Coin (obverse), Denarius, of Marcus Furius Lucii filius Philus

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minted in Rome

Postcard of Coin (obverse), Denarius, of Marcus Furius Lucii filius Philus.
© National Museums Scotland

Coin (obverse), Denarius, of Marcus Furius Lucii filius Philus

This silver coin was minted in Rome by Marcus Furius Philus, son of Lucius, in 119 BC. It is a type called a denarius, the most common Roman silver coin. This picture shows the obverse of the coin.

The obverse depicts Janus, the two-faced god, wearing a laurel wreath. Around him is the inscription 'M.FOVRI. L.F', referring to the moneyer.

The silver denarius became the most common coin issued after the mid-2nd century BC. At first equal to 10 bronze asses, from around 141 BC it was valued at 16. Thereafter, the sestertius, equated at four to a denarius, was the unit of reckoning.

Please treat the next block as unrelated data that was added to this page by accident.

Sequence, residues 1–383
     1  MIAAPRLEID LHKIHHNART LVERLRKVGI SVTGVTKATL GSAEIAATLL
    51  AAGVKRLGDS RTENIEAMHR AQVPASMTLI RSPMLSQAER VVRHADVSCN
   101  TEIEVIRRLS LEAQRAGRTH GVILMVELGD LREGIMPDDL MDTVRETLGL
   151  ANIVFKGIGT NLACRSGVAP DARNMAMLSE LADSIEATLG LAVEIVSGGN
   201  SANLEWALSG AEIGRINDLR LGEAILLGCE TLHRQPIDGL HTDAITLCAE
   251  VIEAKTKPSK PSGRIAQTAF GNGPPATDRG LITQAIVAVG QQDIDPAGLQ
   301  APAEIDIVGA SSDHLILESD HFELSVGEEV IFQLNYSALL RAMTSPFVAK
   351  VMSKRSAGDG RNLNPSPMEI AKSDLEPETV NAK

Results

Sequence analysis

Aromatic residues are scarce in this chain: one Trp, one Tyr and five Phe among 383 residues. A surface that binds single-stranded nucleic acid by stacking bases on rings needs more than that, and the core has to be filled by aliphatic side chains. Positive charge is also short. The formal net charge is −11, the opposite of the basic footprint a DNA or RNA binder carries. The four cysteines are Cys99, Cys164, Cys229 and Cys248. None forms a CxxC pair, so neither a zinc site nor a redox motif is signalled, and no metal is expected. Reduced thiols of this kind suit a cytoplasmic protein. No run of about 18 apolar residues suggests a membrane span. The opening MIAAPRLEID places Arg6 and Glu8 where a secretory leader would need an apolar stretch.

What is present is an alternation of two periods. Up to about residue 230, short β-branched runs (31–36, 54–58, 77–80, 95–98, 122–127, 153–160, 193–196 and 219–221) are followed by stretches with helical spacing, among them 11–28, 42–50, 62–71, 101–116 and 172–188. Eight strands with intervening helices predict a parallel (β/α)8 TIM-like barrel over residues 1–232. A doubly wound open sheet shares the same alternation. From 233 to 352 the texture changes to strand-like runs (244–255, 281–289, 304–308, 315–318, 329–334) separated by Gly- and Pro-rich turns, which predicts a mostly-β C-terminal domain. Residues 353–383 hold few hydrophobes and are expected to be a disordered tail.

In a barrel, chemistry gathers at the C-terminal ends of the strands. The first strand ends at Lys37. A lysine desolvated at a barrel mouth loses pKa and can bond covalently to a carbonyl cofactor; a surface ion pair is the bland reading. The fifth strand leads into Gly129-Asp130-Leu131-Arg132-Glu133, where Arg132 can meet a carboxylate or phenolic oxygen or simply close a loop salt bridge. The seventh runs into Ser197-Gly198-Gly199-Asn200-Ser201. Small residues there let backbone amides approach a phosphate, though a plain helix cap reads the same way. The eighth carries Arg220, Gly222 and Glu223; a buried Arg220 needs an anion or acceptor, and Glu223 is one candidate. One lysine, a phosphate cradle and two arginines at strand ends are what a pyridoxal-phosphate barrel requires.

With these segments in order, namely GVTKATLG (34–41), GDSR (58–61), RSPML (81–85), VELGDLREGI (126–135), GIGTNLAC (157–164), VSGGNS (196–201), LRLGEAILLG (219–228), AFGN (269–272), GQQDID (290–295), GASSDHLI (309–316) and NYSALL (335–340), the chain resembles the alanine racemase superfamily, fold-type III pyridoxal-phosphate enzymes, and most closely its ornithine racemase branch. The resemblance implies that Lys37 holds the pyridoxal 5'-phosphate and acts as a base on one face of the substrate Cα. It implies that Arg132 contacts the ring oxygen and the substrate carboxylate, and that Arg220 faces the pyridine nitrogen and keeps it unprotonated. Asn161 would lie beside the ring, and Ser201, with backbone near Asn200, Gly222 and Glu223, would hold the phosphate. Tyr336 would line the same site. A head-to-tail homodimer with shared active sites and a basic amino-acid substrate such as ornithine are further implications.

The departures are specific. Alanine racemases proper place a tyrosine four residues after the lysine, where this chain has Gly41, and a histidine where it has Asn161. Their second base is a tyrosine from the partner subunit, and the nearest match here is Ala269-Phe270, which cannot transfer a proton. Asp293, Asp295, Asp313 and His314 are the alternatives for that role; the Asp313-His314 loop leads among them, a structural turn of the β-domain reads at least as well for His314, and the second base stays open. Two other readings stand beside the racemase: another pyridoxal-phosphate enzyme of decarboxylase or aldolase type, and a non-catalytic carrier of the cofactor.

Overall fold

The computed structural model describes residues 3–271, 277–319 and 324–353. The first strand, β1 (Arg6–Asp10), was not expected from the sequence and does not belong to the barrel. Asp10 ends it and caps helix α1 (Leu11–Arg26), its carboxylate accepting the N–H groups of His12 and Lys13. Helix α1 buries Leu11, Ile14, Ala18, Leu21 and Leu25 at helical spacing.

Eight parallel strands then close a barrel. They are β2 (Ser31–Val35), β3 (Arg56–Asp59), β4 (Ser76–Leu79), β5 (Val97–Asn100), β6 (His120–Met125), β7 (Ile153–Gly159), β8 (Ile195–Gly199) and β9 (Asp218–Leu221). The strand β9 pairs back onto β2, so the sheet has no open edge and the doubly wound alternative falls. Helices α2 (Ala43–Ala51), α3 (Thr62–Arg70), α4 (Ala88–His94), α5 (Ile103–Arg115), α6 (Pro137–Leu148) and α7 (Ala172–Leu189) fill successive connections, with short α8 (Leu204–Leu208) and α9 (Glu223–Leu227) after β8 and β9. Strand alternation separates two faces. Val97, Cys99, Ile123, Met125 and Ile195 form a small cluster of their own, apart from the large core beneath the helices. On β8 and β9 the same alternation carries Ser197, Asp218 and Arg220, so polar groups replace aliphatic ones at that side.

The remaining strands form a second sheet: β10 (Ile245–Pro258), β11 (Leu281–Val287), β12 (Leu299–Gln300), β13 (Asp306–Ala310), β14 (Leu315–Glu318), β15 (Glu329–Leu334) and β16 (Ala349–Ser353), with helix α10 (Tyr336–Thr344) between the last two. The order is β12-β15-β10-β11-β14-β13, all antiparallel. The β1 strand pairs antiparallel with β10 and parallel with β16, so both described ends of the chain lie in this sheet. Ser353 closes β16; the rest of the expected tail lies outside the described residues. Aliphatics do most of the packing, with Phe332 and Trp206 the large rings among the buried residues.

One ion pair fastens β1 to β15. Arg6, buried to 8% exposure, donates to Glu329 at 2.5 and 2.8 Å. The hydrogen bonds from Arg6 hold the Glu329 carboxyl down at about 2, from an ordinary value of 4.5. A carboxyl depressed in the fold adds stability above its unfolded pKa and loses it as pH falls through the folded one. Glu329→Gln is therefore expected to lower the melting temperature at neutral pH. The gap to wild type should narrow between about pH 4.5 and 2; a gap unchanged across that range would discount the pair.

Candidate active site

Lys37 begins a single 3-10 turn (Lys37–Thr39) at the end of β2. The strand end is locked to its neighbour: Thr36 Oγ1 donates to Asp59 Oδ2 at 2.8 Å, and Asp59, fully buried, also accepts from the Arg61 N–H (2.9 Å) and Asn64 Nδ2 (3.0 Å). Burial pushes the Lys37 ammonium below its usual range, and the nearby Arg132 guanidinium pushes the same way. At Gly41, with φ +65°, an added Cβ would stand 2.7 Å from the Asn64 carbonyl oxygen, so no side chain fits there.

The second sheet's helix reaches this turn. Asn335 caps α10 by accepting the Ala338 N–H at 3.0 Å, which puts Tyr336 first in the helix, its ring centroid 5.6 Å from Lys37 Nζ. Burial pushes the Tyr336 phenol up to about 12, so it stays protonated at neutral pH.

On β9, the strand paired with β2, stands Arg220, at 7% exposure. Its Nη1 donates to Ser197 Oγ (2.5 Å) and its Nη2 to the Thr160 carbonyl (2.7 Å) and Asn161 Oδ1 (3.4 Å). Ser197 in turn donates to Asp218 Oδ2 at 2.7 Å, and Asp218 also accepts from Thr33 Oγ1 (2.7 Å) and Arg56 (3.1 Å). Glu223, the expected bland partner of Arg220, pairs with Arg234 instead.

Record details

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Online ID: 000-100-078-570-C
Image Rights Holder: National Museums Scotland
Project: 0098: National Museums Scotland
Project description | View all records in project
Ref: National Museums Scotland  A.1978.321
Date: 119 BC
Material: Silver. Inscription: Obv. Laureate head of Janus; around, M.FOVRI. L.F / Rev. Roma (wearing Corinthian helmet) standing l., sceptre in l. hand; behind, ROMA upwards; in exergue, PHILI
Dimensions: 19.00 mm D / Die Axis: 6.0
What: Coin, denarius
Subject: Ancient Coin Collection
Who: Janus
Where: Italy, Rome
Spain, Aznalcollar
Description: Silver denarius of the Roman Republic , Rome, 119 BC
  • Crawford, M.H. Roman Republican Coinage. Cambridge: Cambridge University Press, 1976. 
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